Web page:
And yet, one might wonder…

In the late seventies and early eighties, ancient historians Garthwaite and Ahl wrote several academic papers on a literary device that they termed “safe criticism”; which, in essence, allowed a writer who feared for his safety to offer up some negative viewpoint disguised as praise. Most of Ahl’s and Garthwaite’s fellows took this posturing to be facetious, but heretofore, with Snow White and the Huntsman giving rise to a proposed sequel, the concept is one that perhaps should be taken very seriously indeed. For there are elements to SWATH that hint at a very deliberate – and by necessity, very subtle – undermining of the feminist doctrine that the film presents in veiled form to its viewers. For a start there is the pervading “poorness”. Yes, the females are strong, but no matter how powerful and proactive their contributions, if these are made within the framework of a cinematic flop then surely the triumph resonates with the hollow echo of defeat? Furthermore, do the so-called feminist elements withstand closer scrutiny? Indeed, one might say not. Theron’s queen is afforded a sense of righteous justification for her actions, but was it really men who made her what she is? Yes and no. Through direct cause and effect it actually was her mother (who herself was a man-hater; this is taken for granted and the basis for that hate is left largely to the imagination). And when Snow White claims she knows how to kill the queen, her plan, in essence, is nothing more sophisticated than to charge mindlessly at her, sword pointed like a shish kebab; it is only by using the Huntsman’s knife trick (dropped rather blatantly into the plot earlier on) that she is able to end the queen’s evil reign (or, to pick at the nuance, relieve the poor woman/child of her voraciously bloodthirsty but ultimately unwanted burden). And what truly is the symbolism of Snow White’s not choosing a love interest to sit by her side as the credits roll? Is it a fierce independence and laudable detachment from doe-eyed swooning, or merely that she’s been locked up in a tower ever since she was a little girl? Perhaps, in the veiled but caustic appraisal of safe criticism, this beau ideal of feminism is simply the natural consequence of someone who’s yet to grow up.

Kristen Stewart, for those who’ve been living inside a black box, shielded from the explosive fallout of cinematic disaster, starred in the Twilight films – truly lamentable movies in their own right – and if we extrapolate from Garthwaite’s and Ahl’s treatise then her casting in Snow White and the Huntsman may well be seen as an insidious attempt to poison the film’s overtly covert feminism through recourse to the overly glossy red apple of teenage fanaticism. For every ounce that Snow White may purport to be a role model of female empowerment, Stewart replies in kind with her staple expression of toothy, lips parted, slightly baffled teen uncertainty; and if, perhaps, it is stretching the argument too far to suggest that her and Sanders’ off-screen affair was a deliberate stratagem by the latter to undermine and so safely criticise the feminist polemic (his eyes for her also blinding him to glaring deficiencies elsewhere in the film), nevertheless there is some analogous evidence to that effect. The casting of non-dwarf actors to play the dwarves, and the stereotyping of Sam Spruell as the queen’s unnervingly creepy albino brother, is precisely the sort of negative discrimination that, in contrast to the positively presented female empowerment, hints at the feminism in question being not the laudable, equal rights and equal treatment variety but rather the more militant product of a retributive backlash that has seen many a son doubled over and paying dearly for the sins of his father.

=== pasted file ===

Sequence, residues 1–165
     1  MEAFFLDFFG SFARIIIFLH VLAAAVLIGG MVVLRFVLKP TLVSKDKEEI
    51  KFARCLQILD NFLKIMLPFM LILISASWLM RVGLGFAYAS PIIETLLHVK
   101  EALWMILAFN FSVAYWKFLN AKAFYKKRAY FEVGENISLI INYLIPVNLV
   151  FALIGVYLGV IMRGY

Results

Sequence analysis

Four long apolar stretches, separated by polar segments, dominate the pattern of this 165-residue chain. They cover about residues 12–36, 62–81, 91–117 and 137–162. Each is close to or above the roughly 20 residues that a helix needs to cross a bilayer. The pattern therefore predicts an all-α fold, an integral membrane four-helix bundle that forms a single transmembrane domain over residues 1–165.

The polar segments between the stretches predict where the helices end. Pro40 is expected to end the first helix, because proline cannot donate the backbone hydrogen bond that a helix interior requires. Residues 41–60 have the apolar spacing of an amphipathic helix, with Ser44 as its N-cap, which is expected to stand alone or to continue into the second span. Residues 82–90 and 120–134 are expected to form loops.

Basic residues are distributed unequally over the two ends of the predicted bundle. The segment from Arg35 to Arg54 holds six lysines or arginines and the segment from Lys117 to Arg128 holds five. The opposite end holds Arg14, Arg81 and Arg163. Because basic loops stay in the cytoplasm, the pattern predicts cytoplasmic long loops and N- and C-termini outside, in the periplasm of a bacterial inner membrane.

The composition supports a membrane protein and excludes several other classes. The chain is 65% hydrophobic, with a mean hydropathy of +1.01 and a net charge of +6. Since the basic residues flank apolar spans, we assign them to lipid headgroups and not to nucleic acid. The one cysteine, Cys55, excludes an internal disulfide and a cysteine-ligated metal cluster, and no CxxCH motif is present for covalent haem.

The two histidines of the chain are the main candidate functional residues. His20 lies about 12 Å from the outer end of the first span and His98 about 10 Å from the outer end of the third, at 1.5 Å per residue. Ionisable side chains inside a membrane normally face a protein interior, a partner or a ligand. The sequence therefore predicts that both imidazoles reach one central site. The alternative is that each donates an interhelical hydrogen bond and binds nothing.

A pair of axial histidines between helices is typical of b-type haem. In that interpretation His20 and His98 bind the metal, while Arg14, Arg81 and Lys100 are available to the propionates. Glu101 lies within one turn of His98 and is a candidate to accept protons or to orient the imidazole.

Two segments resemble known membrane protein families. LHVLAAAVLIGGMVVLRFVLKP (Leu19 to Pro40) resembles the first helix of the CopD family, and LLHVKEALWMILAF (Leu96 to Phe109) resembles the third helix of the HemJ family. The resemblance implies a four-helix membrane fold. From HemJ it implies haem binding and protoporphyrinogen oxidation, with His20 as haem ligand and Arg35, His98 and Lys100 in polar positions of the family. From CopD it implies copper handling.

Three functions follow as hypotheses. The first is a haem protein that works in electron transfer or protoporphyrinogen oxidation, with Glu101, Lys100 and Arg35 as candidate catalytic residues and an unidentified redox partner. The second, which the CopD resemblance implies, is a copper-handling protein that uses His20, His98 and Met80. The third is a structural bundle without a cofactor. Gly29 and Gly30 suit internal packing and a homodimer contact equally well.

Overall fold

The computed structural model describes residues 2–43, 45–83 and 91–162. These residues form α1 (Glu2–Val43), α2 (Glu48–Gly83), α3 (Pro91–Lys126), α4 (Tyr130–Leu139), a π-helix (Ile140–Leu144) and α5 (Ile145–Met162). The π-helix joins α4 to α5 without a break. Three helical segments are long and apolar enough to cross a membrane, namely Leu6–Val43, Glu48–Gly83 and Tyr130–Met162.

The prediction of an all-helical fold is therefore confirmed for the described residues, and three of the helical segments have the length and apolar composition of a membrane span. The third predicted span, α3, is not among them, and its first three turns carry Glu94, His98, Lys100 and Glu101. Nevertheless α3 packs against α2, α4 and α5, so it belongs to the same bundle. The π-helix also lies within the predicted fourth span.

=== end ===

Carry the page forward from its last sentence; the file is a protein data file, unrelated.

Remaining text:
One vital but often overlooked aspect of safe criticism (ignored even by Ahl and Garthwaite) is that the “safe” element should give way eventually to a more overt criticism. In the telling of Snow White and the Huntsman this dénouement comes in the form of the huntsman’s blaming Snow White’s father for what has befallen the land. How stupid of the man, he says (in essence), to enrage and patronise the evil hag so much that she would bring his benevolent rule to a sticky end; how irresponsible to goad her into sucking the life out of the kingdom. Thus through absurdity the feminist take is both presented and ridiculed. Or is this line of reasoning perhaps akin to drawing fairy castles in the air? Could it be that when Wikipedia makes the claim that historians were consulted both as to the literary history of the Snow White story and the historical accuracy of the battle scenes, yet in the relevant footnote cites only an article giving dubious evidence to the former,1 there has simply been an error, not a deliberate effort to re-write and re-layer the film? Though not discounting this possibility, one surely must acknowledge that it would be a terrible shame; for, divested of these ingenious and conniving undertones, SWATH would have nothing left by which to judge it than what we see at face value – and is it not terribly reprehensible and shallow to look no further than surface appearances?

Just ask the moss-covered tortoise briefly seen plodding across the small screen and then covering its eyes, desperately trying to shield itself either from Snow White and the Huntsman’s shambling avatar or from the deeper implications of this home theatre tour de force.

1. [note 19]; Clark, Nick, “Philip Pullman to publish new adaptations of Grimm’s Fairy Tales”, The Independent (March 20, 2012) []